Constitutionalism, Multilevel Trade Governance and Social Regulation.

This book considers the ever complex legal networks of transnational economic governance and their legitimacy problems.

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Bibliographic Details
Author / Creator: Joerges, Christian.
Other Authors / Creators:Petersmann, Ernst-Ulrich.
Ehling, Ulrike.
Fisher, Elizabeth C.
Maier, Matthias Leonhard.
Nickel, Rainer.
Chalmers, Damian.
Nanz, Patrizia.
Steffek, Jens.
Herwig, Alexia.
Format: eBook Electronic
Edition:1st ed.
Imprint: London : Bloomsbury Publishing Plc, 2006.
Series:Studies in International Trade and Investment Law Ser.
Local Note:Electronic reproduction. Ann Arbor, Michigan : ProQuest Ebook Central, 2022. Available via World Wide Web. Access may be limited to ProQuest Ebook Central affiliated libraries.
Online Access:Click to View
Summary:This book considers the ever complex legal networks of transnational economic governance and their legitimacy problems.
This is a book about the ever more complex legal networks of transnational economic governance structures and their legitimacy problems. It takes up the challenge of the editors' earlier pioneering works which have called for more cross-sectoral and interdisciplinary analyses by scholars of international law, European and international economic law, private international law, international relations theory and social philosophy to examine the interdependences of multilevel governance in transnational economic, social, environmental and legal relations. Two complementary strands of theorising are expounded. One argues that globalisation and the universal recognition of human rights are transforming the intergovernmental "society of states" into a cosmopolitan community of citizens which requires more effective constitutional safeguards for protecting human rights and consumer welfare in the national and international governance and legal regulation of international trade. The second emphasises the dependence of the functioning of international markets and liberal trade on governance arrangements which respond credibly to safety and environmental concerns of consumers, traders, political and non-governmental actors. Enquiries into the generation of international standards and empirical analyses of legalization and judizialisation practices form part of this agenda.The perspectives and conclusions of the more than 20 contributors from Europe and North-America cannot be uniform. But they converge in their search for a constitutional architecture which limits, empowers and legitimises multilevel trade governance, as well as in their common premise that respect for human rights, private and democratic self-government and social justice require more transparent, participatory and deliberative forms of transnational "cosmopolitan democracy".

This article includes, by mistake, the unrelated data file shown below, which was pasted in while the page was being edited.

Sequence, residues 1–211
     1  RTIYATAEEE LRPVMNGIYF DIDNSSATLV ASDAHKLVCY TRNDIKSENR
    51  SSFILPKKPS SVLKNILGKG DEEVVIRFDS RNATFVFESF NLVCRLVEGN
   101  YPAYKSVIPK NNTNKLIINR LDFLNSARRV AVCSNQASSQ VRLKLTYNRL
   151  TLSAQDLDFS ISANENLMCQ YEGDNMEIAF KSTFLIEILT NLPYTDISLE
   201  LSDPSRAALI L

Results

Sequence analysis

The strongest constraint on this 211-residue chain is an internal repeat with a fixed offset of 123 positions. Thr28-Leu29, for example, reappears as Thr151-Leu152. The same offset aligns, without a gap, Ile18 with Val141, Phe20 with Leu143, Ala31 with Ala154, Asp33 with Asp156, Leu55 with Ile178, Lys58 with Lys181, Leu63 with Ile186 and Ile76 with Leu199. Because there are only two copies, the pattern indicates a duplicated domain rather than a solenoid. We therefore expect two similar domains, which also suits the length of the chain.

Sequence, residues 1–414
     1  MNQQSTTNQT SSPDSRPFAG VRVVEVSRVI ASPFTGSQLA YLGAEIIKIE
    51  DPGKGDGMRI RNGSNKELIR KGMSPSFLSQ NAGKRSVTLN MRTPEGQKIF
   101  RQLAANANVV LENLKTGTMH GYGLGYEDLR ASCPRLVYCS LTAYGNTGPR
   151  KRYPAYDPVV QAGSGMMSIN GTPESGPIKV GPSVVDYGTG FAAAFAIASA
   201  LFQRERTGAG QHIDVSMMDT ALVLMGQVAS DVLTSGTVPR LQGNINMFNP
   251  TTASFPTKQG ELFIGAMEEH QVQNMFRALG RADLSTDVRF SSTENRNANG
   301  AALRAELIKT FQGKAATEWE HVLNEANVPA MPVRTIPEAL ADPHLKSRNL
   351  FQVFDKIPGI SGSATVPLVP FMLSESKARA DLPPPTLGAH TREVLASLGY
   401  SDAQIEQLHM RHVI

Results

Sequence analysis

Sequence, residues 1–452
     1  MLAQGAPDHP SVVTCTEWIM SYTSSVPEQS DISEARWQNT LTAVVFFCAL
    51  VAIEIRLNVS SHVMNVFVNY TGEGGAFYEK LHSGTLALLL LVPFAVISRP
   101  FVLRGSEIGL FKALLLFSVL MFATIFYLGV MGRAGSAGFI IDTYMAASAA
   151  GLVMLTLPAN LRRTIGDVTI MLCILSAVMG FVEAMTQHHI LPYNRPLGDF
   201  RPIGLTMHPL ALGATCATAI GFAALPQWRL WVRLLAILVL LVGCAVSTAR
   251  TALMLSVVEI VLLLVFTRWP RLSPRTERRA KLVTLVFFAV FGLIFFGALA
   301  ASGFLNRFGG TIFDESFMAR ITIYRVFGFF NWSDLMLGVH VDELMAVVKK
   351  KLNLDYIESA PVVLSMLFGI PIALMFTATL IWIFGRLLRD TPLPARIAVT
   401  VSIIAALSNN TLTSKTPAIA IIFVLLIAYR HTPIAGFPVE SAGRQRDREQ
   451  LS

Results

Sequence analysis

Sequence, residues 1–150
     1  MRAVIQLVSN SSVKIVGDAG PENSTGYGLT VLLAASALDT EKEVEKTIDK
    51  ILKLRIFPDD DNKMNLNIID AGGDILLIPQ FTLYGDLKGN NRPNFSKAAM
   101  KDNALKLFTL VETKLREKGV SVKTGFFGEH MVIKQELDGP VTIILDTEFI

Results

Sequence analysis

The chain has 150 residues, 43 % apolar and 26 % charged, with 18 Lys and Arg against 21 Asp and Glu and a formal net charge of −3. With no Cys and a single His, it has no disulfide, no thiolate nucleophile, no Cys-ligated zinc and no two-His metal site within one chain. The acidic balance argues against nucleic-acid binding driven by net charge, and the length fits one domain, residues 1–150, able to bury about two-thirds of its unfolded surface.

Item Description:Description based on publisher supplied metadata and other sources.
Physical Description:1 online resource (592 pages)
Author Notes:Christian Joerges is Professor of Economic Law at the European University Institute, Florence. He is on leave from the University of Bremen where he was a Director of the Centre for European Law and Policy.Ernst-Ulrich Petersmann is Professor of International and European Law at the European University Institute at Florence and Joint Chair at the Robert Schuman Centre for Advanced Studies in Florence, Italy. He was formerly Professor at the University of Geneva and its Graduate Institute of International Studies, and legal adviser in GATT and the WTO